Section 13 on page 10.                                                        
 In Ketchikan, CONSTANCE GRIFFITH, a 47.5 year resident of Alaska,             
 testified in agreement with MR. STERLING, MR. SCHARNS, MR. MCCOY,             
 and MR. WALLERI.  She quoted a discussion with her child on the               
 agreement the death penalty was retribution and didn't prevent                
 murder.  She pointed to comments from SENATOR JACKO that the death            
 penalty would not prevent murder or suicide in the villages,                  
 because there are people in Alaska with the illness of alcohol.               
 MS. GRIFFITH quoted a solution from her son that people should have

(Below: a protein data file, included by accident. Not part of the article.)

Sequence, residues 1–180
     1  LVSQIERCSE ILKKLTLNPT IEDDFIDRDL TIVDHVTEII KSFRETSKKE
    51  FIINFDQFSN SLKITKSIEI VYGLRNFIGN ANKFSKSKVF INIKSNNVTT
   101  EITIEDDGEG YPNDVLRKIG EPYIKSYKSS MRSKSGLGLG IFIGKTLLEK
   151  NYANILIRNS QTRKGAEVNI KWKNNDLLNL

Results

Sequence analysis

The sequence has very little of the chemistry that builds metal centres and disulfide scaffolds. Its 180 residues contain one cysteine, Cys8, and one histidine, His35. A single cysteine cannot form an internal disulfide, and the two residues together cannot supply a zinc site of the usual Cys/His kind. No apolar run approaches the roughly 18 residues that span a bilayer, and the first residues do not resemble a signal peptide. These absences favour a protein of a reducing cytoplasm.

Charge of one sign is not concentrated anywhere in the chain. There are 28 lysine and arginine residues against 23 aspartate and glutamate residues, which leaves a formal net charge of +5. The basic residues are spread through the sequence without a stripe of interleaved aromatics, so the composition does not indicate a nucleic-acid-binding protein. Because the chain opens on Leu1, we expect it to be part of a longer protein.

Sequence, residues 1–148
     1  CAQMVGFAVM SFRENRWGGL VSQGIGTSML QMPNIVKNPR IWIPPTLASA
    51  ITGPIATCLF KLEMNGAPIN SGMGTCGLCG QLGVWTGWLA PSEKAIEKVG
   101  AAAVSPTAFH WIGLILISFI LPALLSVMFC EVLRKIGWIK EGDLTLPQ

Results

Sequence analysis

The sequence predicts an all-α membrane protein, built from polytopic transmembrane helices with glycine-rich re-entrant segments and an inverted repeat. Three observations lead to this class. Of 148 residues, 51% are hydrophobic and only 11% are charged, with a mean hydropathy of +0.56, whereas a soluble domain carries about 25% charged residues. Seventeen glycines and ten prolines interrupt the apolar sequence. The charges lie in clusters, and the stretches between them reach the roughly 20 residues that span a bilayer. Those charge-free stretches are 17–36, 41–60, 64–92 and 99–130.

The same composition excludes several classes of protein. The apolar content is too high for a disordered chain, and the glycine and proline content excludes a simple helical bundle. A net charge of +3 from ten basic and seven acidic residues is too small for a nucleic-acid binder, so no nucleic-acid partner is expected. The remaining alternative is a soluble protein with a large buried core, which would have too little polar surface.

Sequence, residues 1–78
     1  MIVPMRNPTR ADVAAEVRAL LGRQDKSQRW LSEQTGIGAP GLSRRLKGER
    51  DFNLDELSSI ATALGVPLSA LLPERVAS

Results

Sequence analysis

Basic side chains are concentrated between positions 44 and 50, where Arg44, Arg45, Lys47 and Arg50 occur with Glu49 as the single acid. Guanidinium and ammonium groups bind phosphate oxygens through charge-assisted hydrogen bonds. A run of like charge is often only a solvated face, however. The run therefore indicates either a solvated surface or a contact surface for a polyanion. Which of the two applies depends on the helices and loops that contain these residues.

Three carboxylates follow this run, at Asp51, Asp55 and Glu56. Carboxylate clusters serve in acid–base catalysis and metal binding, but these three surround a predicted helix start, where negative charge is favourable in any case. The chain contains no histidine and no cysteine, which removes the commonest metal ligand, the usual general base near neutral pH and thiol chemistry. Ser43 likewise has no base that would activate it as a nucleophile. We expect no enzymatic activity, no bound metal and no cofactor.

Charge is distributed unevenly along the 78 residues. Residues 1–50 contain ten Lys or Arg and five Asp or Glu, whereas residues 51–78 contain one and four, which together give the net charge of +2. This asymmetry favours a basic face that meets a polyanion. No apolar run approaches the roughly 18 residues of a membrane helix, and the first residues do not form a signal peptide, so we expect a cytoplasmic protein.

a license to buy alcohol, and she described how it would work as a            
 deterrent.  She thought the efforts should be placed on alcohol               
 programs that build family strength through education.  She did not           
 think the death penalty would deter murder, and she questioned the            
 statistics of those who thought it would.                                     
 Number 340                                                                    
 SENATOR TAYLOR quoted some of the remarks from MS. WESTPHAL from              
 Sterling that it deterred kidnapping.                                         
 MS. GRIFFITH did not think the death penalty should apply to                  
 alcohol related violence in Alaska, since some people under the